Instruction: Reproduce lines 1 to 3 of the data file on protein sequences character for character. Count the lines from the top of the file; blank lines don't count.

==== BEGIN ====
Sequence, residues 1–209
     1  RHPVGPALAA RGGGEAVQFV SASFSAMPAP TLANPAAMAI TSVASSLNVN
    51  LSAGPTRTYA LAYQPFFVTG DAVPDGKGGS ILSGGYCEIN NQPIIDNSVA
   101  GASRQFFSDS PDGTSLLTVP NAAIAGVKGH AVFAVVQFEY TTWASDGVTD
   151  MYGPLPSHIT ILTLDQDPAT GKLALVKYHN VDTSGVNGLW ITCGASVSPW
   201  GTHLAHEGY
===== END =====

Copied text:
Sequence, residues 1–209
     1  RHPVGPALAA RGGGEAVQFV SASFSAMPAP TLANPAAMAI TSVASSLNVN
    51  LSAGPTRTYA LAYQPFFVTG DAVPDGKGGS ILSGGYCEIN NQPIIDNSVA